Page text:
Capitalizing on the placebo component of treatments

Chris Beedie, Abigail J. Foad, P. Hurst

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A placebo treatment is traditionally administered in a double-blind, randomized controlled trial to control for the ‘real’ effects of the treatment under investigation. In the present paper a broader view of the placebo is proposed, one in which the idea of a potentially ‘useable’ placebo component of a sports or exercise medicine treatment is presented. It is argued that many interventions in sport and exercise psychology might contain a placebo component that could be capitalized upon by practitioners, through processes often as simple as communicating positive expectations of a treatment to clients. Research findings relating to factors that might influence an individual’s response to a placebo, such as personality, situation and genetics, are briefly addressed. Ethical considerations for practice and future research are discussed. Embargo until 31/07/2016.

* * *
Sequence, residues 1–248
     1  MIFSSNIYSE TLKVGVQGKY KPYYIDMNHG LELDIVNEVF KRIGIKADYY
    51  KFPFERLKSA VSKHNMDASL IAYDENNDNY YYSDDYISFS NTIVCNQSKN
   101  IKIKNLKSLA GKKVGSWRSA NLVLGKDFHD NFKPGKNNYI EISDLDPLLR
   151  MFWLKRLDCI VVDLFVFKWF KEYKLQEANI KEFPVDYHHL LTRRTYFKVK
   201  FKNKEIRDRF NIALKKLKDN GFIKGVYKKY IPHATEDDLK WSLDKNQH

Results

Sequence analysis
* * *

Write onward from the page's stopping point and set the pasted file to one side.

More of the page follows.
Original languageEnglish
Pages (from-to)284-287
Number of pages4
JournalCurrent Sports Medicine Reports
Issue number4
Publication statusPublished - Jul 2015


  • Behavior change
  • Beliefs
  • Nocebo effect
  • Psychology


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